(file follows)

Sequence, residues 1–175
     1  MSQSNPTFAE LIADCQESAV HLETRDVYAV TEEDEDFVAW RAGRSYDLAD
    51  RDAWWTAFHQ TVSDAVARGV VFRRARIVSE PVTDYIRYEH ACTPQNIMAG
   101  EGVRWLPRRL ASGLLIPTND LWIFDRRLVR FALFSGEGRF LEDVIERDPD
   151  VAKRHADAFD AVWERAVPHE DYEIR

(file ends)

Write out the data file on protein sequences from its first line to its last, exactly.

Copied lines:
Sequence, residues 1–175
     1  MSQSNPTFAE LIADCQESAV HLETRDVYAV TEEDEDFVAW RAGRSYDLAD
    51  RDAWWTAFHQ TVSDAVARGV VFRRARIVSE PVTDYIRYEH ACTPQNIMAG
   101  EGVRWLPRRL ASGLLIPTND LWIFDRRLVR FALFSGEGRF LEDVIERDPD
   151  VAKRHADAFD AVWERAVPHE DYEIR